On Thursday night, the federal government executed a drug trafficker responsible for seven murders in 1992, despite his attorneys having claimed moving forward with the execution would be "cruel and usual punishment" because of his recent COVID-19 infection.
Corey Johnson, 52, was executed at the federal prison complex in Terre Haute, Indiana and pronounced dead at 11:34 p.m. He is the 12th person to be executed by the government since July, after the Trump administration restarted federal executions following a 17 year hiatus.
Dustin Higgins is the last person scheduled to be executed before President-elect Joe Biden is sworn in. Higgins, who is scheduled to die on Friday, also contracted COVID-19 while in prison. Biden has indicated he may seek to abolish federal executions.
From 1989 to 1992, Johnson and others ran a crack cocaine trafficking operation in Virginia, according to the federal government. In response to perceived slights and drug trade rivalries, the Department of Justice says Johnson murdered his seven victims — Peyton Johnson, Louis Johnson, Bobby Long, Dorothy Armstrong, Anthony Carter, Linwood Chiles, and Curtis Thorne. In February 1993, Johnson was found guilty of those murders.
Johnson said in his final statement that he was "sorry for his crimes."
He told the victims' families, "I would have said I was sorry before, but I didn't know how. I hope you will find peace."
He added the pizza and strawberry shake he had before his execution were "wonderful" but that he didn't get the jelly doughnuts he ordered. He also thanked his chaplain and legal team.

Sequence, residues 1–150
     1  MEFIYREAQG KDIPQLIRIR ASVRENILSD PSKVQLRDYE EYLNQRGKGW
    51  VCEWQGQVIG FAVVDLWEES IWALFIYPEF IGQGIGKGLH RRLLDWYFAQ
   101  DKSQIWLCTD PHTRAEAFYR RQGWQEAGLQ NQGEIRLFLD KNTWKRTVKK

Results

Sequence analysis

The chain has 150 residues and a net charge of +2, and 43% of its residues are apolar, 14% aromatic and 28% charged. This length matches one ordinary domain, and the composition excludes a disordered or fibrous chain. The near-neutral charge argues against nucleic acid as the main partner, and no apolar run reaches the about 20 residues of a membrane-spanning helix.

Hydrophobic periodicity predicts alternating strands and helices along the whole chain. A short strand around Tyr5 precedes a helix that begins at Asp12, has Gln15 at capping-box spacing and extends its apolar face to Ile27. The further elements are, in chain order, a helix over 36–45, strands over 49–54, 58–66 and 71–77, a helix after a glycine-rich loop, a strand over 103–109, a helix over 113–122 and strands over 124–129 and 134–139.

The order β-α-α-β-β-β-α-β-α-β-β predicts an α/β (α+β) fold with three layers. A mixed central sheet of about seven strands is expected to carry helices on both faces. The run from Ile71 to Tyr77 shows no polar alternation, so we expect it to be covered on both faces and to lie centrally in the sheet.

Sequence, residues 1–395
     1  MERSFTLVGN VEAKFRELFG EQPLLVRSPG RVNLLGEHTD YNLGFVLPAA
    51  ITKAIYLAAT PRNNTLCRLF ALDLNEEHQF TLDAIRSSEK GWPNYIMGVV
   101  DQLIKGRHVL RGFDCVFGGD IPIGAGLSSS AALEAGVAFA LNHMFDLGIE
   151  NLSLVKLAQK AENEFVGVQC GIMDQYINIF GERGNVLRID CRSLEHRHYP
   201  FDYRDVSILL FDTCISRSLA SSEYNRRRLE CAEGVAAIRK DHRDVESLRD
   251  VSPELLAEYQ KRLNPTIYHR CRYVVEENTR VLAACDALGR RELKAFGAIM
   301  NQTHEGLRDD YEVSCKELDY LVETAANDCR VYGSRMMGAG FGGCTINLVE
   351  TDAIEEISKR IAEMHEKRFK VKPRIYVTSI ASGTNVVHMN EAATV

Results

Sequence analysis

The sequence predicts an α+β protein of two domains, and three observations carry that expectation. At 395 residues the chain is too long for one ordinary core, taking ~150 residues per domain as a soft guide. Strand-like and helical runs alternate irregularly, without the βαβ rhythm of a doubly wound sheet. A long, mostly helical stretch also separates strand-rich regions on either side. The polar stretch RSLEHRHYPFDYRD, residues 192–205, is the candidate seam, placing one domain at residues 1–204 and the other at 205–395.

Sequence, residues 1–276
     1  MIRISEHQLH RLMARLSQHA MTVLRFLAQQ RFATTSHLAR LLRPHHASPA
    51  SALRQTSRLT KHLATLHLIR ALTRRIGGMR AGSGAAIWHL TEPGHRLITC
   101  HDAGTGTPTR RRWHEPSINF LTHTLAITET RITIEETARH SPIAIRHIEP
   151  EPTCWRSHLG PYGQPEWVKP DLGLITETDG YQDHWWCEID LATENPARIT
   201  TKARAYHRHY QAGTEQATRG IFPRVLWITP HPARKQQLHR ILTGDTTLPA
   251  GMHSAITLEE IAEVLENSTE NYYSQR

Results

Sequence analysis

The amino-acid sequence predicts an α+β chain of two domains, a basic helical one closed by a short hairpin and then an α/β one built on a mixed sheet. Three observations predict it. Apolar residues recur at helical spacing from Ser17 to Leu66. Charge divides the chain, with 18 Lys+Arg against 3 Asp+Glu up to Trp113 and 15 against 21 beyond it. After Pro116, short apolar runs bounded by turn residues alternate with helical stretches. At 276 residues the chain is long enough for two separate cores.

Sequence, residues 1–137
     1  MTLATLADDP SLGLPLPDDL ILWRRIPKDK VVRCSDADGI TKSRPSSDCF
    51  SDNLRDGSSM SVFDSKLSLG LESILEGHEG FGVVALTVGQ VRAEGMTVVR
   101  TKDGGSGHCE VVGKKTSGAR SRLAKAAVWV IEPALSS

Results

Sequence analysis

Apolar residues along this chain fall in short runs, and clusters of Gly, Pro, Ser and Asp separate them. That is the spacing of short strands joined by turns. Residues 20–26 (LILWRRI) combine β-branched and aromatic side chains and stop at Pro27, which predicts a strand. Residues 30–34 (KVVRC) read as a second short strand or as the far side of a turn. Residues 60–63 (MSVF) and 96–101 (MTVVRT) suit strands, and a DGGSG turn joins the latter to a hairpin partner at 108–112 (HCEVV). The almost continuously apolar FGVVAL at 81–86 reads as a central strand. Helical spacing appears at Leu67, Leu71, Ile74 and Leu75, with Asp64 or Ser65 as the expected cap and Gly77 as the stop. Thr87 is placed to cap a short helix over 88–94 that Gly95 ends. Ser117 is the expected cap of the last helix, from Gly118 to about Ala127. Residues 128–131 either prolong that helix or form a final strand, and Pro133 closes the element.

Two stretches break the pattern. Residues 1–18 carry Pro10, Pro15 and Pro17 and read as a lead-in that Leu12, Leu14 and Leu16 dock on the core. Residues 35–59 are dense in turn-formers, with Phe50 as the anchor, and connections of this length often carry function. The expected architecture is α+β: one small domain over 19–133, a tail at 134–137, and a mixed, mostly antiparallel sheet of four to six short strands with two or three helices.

This is Corey Johnson’s final statement, provided through his attorneys. pic.twitter.com/ENNCHPALVr— Mike Balsamo (@MikeBalsamo1) January 15, 2021
Last minute appeals to the U.S. Supreme Court to stop Johnson's execution were denied late Thursday.
Donald Salzman, an attorney for Johnson, had argued that executing Johnson would be cruel and unusual punishment due to his COVID-19 infection. The illness left his lungs inflamed, and when given the lethal injection, Salzman said, Johnson's lungs would likely fill with fluid while he was still conscious.
His attorneys also said Johnson had an IQ of 69. In a statement following Johnson's death, they said the government executed a person "with an intellectual disability, in stark violation of the Constitution and federal law." They rejected the government's claim Johnson had the capacity to be a drug kingpin.
Federal prosecutors said Johnson had shown no evidence he had intellectual disabilities during the trial, according to the Associated Press.
The prosecutors argued in court, "Courts have repeatedly and correctly concluded that Johnson's seven murders were planned to advance his drug trafficking and were not impulsive acts by someone incapable of making calculated judgments, and are therefore eligible for the death penalty."